عنوان مقاله [English]
Introduction: Flax products (seed and meal) are one of the sources of energy and protein for ruminants. Although flaxseed is a very inexpensive and affordable source of omega-3s, more than 50% of its fatty acids are made from alpha-linolenic acid, but it cannot be used at high levels due to its anti-nutritional properties. Flaxseed processing improves nutrient consumption while reducing the negative effects of anti-nutritional substances such as lintine and making food more palatable. Various methods are used to process and improve the flaxseed digestion process, such as micronization and extrusion. The extrusion process is the process of processing high-temperature materials in a short time and is done by a combination of moisture, heat, mechanical energy, and pressure. Extrusion is also a technical function by which feed is processed, extruded, and cooked under a constant increase in pressure and then expanded due to a sudden pressure drop. Heat treatment applied during the extrusion process reduces the access of rumen bacteria to the fat in the diet by denaturing the protein matrix around fat droplets in oilseeds such as flaxseed and thus can reduce fatty acids. Microwave by microwave can be done after adding 25% moisture to the grains for three minutes in a device containing an infrared lamp. It was also found that micronization could be used to increase the degradable protein content of the rumen. This study was performed to evaluate the effect of flaxseed level and processing method on performance, skeletal growth indices, health, and ruminant behavior of suckling calves.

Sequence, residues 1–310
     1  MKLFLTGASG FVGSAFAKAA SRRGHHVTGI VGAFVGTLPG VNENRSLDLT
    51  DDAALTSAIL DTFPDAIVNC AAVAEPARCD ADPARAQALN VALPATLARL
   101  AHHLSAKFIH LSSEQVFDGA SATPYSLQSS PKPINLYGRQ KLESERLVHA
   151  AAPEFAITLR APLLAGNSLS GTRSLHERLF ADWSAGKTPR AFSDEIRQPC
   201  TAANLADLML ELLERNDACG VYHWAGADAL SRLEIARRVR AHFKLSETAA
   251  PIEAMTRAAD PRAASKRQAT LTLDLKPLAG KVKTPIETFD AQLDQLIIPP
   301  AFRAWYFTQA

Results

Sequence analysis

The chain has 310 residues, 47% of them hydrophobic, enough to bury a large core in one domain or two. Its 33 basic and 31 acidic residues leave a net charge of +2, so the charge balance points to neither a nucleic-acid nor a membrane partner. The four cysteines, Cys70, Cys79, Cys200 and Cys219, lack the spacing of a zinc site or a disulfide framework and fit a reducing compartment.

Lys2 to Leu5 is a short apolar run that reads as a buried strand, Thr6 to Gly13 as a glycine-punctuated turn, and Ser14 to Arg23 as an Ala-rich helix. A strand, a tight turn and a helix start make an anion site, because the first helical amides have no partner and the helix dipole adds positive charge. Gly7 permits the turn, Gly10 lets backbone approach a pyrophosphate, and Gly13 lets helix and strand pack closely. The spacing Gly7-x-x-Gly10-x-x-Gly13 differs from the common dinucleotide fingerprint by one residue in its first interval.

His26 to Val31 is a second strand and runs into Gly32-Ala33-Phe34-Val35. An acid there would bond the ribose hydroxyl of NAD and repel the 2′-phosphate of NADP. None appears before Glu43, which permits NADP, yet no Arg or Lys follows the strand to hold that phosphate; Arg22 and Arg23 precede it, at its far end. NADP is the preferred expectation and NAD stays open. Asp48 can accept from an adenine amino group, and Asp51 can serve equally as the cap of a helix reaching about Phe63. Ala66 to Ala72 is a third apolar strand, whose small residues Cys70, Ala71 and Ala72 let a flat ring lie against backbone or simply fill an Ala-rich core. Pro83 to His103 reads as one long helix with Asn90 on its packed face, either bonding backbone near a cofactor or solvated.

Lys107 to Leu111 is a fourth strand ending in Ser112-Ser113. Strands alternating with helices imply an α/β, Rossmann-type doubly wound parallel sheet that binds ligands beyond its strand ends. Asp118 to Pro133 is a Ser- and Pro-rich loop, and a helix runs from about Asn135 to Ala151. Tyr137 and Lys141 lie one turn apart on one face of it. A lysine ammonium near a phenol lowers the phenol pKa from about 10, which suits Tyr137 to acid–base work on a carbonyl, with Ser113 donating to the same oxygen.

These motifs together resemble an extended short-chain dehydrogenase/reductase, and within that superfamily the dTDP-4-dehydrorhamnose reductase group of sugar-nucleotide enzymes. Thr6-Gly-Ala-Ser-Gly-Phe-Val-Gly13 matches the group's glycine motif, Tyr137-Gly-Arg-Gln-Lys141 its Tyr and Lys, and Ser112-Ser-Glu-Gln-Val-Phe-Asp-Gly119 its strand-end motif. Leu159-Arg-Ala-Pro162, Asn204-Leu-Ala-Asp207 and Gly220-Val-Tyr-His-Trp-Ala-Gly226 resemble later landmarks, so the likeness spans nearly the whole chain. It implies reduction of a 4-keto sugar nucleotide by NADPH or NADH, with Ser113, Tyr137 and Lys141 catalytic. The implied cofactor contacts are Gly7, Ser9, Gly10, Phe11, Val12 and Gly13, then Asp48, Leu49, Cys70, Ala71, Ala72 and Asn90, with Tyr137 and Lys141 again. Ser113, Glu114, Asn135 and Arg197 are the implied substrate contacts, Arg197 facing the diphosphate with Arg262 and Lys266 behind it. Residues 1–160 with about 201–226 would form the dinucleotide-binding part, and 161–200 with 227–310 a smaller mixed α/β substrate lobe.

Materials and methods: In this study, to investigate the effect of using different levels and methods of flaxseed processing on the performance of suckling calves, 35 newborn Holstein male calves with an initial weight of 41±4.5 kg were used. This experiment was performed in a completely randomized design with seven treatments and five replications. Treatments included: 1. Control, 2. The treatment contained 5% of raw flaxseed, 3. The treatment contained 10% of raw flaxseed, 4. The treatment contained 5% of micronized flaxseed, 5. The treatment contained 10% of micronized flaxseed, 6. The treatment contained 5% of extruded flaxseed, and 7. The treatment contained 10% of extruded flaxseed. The total trial period was 60 days, which included 14 days of adaptation. Stool consistency scoring was considered as a daily livestock health indicator for each calf. Measurement of skeletal growth rate was done by meter and caliper at the beginning and end of the period. To evaluate the effect of experimental treatments on calf performance, dry matter intake, daily weight gain, and feed conversion ratio were also measured.
Results and discussion: Experimental treatments had no significant effect on daily feed intake, daily weight gain, and feed conversion ratio. Also, the growth of skeletal indices, fecal consistency, and rumination behavior was not affected by experimental treatments. The lack of effect on food intake probably indicates that the amount of linseed fatty acids used has a minimal mechanism of short-term regulation of feed intake. Oily seeds such as flaxseed contain eicosapentaenoic and docosahexaenoic fatty acids, both of which are active derivatives of linolenic acid. It is known that these oxygenated metabolites play an important role in the growth and development of infant animals, especially the development of their nervous system. However, eicosapentaenoic and docosahexaenoic fatty acids may have a lower effect on feed efficiency during this period of calves' life. In general, the duration of chewing is reduced by decreasing the size of particles and the content of insoluble fibers in neutral detergent. The lower content of insoluble fibers in the neutral detergent and its chemical and physical nature may have reduced rumination and chewing activity. Probably, the changes in the rumination time may be related to the difference in the dry matter consumed and the digestibility of the nutrients, and the rumination activity can also be considered a factor to diagnose rumen health due to the stimulation of saliva secretion. The duration of chewing activity (sum of eating and ruminating) can be a good measure of rumen health.
Conclusions: According to the results of this study, the use of processed flax did not hurt the performance, skeletal growth indices, and health of calves. Extruded and micronized flax can be used at the 10% level in the diet of suckling calves as a source of protein and energy.